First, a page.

affect overall competition. Thus, in transactions where the parties are competitors, coordination that is not “ancillary” to the merger transaction – i.e., not reasonably necessary to protect the integrity of the transaction itself – is considered risky behavior. In this situation, extra care should be given to preventing pre-closing collective actions that adversely affect competition, especially when there
are no legitimate business reasons for taking
such actions. Importantly, Sections 1 and 5 apply even if a specific deal is “non- reportable” under the HSR Act, i.e., no HSR filing has to be made. Moreover, even for reportable deals, the applicability of
must remain effective
competitors until closing and cannot lessen competition between them to facilitate a merger that has not been consummated.
carefully between limiting exchange of
sensitive information and allowing the
buyer to complete the necessary due diligence regarding the acquisition target. Generally speaking, it is helpful to consider “who, what and when” factors – i.e., limiting who receives competitively sensitive information to a “clean team” of persons not involved in pricing/marketing/production decisions, limiting disclosure to only what is necessary to enable the buyer to make its valuation and purchase decision (and aggregating sensitive information when possible), and revealing information only when necessary (i.e., staging information flow so as to
Sections 1 and 5 extends beyond the HSR waiting period to the actual consummation of the merger or acquisition.
Non-Reportable Deals May Be Increasingly Risky
The second gun-jumping theory may become a greater focus for the enforcers, because the DOJ has recently acknowledged that “non-reportable” deals now are being investigated regularly. On April 25, 2014, Leslie Overton, a Deputy Assistant Attorney General in the DOJ’s Antitrust Division, devoted an entire speech to the issue of non- reportable deals. Her relevant key points were that there is no “safe harbor” for non-reportable deals; investigations of these deals are not isolated occurrences – from 2009 to 2013, the DOJ investigated 73 non-reportable deals (far more than previously identified publicly), representing 20 percent of all merger investigations during that period; and the investigations are serious – more than one in four resulted in a challenge. “Non-reportable Transactions and Antitrust Enforcement,” speech before the 14th Annual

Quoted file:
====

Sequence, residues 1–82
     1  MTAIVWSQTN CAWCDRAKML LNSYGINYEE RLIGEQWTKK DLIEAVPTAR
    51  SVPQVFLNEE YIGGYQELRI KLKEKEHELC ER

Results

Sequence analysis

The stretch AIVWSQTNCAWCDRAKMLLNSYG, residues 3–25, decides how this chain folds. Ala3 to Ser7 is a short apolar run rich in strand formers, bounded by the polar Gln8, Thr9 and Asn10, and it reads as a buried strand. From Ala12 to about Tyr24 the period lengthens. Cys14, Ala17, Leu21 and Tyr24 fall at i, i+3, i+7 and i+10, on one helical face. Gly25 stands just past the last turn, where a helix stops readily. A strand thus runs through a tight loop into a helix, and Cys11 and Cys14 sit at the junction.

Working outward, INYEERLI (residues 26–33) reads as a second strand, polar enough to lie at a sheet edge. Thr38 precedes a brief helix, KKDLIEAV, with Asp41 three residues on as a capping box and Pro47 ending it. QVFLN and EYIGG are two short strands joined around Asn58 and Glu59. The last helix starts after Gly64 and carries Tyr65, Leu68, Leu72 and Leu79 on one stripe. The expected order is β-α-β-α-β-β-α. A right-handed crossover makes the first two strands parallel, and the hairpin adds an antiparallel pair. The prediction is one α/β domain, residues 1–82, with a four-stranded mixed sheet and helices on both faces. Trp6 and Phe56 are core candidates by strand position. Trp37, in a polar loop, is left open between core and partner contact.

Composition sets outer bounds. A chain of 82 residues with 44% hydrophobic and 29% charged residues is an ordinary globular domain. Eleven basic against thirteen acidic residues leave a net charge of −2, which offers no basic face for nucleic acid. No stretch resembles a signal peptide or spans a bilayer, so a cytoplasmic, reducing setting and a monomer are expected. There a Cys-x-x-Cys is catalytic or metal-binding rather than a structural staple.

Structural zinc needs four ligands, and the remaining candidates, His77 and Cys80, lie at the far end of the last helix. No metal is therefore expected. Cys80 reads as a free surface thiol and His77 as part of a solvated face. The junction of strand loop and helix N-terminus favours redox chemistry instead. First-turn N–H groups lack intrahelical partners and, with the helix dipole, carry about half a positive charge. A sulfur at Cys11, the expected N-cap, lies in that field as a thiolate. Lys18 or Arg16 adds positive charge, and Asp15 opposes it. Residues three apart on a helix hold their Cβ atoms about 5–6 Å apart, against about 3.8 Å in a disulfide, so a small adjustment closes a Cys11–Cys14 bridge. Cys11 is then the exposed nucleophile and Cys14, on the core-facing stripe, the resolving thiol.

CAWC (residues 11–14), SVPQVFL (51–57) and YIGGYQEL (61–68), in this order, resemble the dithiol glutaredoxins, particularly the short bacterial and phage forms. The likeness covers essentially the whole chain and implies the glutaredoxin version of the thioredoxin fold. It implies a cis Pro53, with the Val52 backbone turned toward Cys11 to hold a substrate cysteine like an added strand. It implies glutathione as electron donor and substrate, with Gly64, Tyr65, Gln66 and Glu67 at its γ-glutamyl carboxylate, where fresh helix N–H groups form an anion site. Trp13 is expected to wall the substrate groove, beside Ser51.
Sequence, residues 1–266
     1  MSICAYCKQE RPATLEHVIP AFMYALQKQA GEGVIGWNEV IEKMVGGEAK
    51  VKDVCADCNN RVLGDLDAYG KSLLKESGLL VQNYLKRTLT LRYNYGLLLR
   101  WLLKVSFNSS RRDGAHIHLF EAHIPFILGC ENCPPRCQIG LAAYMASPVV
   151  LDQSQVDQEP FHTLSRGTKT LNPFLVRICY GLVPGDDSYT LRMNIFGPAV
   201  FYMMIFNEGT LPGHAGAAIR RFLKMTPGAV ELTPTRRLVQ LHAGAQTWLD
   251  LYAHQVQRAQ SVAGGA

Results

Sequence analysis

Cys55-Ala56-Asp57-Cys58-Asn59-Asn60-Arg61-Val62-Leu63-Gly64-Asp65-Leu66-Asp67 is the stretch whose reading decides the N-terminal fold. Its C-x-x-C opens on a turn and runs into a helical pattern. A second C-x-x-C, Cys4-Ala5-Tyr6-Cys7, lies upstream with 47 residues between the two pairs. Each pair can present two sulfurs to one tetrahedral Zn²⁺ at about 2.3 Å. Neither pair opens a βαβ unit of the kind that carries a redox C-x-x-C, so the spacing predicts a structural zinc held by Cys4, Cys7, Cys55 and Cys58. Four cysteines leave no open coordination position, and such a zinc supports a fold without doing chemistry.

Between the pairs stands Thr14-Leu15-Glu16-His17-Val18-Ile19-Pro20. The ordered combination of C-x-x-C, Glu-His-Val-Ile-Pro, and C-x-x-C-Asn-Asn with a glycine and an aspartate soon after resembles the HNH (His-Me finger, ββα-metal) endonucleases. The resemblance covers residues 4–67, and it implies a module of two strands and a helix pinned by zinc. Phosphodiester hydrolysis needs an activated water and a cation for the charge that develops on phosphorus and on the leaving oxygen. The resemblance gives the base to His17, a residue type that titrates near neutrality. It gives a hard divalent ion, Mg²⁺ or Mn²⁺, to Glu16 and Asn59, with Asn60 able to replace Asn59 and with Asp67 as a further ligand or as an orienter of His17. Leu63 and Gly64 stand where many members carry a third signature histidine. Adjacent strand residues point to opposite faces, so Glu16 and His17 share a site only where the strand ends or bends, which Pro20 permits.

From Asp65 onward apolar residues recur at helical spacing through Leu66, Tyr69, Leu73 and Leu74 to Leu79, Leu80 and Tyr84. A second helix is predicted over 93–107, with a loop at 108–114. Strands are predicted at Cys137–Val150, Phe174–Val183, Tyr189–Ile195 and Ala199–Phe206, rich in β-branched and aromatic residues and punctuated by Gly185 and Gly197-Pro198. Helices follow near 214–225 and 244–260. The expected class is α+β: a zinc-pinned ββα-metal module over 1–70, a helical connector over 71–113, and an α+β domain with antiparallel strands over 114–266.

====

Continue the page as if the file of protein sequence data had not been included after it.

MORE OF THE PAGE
disclose sensitive information later in the process). This issue
will be explored in more detail in an upcoming publication.
Gun-jumping violations can result in the imposition of civil penalties, temporary restraining orders, injunctions and other equitable remedies, including prohibitions on future conduct and affirmative obligations. However, the most typical remedies are prohibitions against further gun- jumping behavior coupled with monetary penalties, which must be imposed by the DOJ because the FTC Act does not permit the FTC to seek civil penalties for HSR Act violations. Under the HSR Act, those who fail to observe the waiting period are liable for a civil penalty of not more than $16,000 for each day during which such person was in violation of the HSR Act. The DOJ has obtained civil penalties from both the acquiring and acquired person, and could potentially go after natural persons as well. In addition, the DOJ could
potentially prosecute a gun-jumping case criminally under Section 1 of the Sherman Act, but has never done so.
Engaging in conduct that might be viewed as gun jumping by the regulators may also have additional practical impacts if a merger review is ongoing. The agencies would likely move some of their resources away from the merger review and on to the gun-jumping investigation. This would delay the merger review and potentially harm the reputation that the merger parties have with the agencies. A gun-jumping investigation could also be damaging to the business and public reputations of the merging parties if information about the investigation is released.
The antitrust agencies continue to look for and bring cases against parties that have allegedly jumped the gun. In the past 10 years, there have been three gun-jumping cases brought by the DOJ. As discussed below, the final judgments in these cases included equitable relief and monetary civil penalties. The DOJ’s contentions in these settlements are restated below.
United States v. Smithfield Foods, Inc., No. 1:10-cv-00120